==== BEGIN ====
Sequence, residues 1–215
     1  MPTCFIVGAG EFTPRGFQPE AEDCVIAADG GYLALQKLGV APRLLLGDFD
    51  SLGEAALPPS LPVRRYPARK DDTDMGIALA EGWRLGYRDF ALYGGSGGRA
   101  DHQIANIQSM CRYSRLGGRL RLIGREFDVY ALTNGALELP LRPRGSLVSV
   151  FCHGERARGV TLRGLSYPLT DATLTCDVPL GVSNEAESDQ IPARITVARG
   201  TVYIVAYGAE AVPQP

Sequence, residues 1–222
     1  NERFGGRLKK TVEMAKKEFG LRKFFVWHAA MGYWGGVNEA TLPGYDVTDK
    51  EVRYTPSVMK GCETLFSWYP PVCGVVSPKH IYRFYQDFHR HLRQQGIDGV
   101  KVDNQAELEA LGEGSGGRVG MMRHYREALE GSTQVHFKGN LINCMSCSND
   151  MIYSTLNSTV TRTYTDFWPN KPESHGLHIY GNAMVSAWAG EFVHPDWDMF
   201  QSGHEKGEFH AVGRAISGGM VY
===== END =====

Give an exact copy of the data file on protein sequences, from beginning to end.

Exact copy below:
Sequence, residues 1–215
     1  MPTCFIVGAG EFTPRGFQPE AEDCVIAADG GYLALQKLGV APRLLLGDFD
    51  SLGEAALPPS LPVRRYPARK DDTDMGIALA EGWRLGYRDF ALYGGSGGRA
   101  DHQIANIQSM CRYSRLGGRL RLIGREFDVY ALTNGALELP LRPRGSLVSV
   151  FCHGERARGV TLRGLSYPLT DATLTCDVPL GVSNEAESDQ IPARITVARG
   201  TVYIVAYGAE AVPQP

Sequence, residues 1–222
     1  NERFGGRLKK TVEMAKKEFG LRKFFVWHAA MGYWGGVNEA TLPGYDVTDK
    51  EVRYTPSVMK GCETLFSWYP PVCGVVSPKH IYRFYQDFHR HLRQQGIDGV
   101  KVDNQAELEA LGEGSGGRVG MMRHYREALE GSTQVHFKGN LINCMSCSND
   151  MIYSTLNSTV TRTYTDFWPN KPESHGLHIY GNAMVSAWAG EFVHPDWDMF
   201  QSGHEKGEFH AVGRAISGGM VY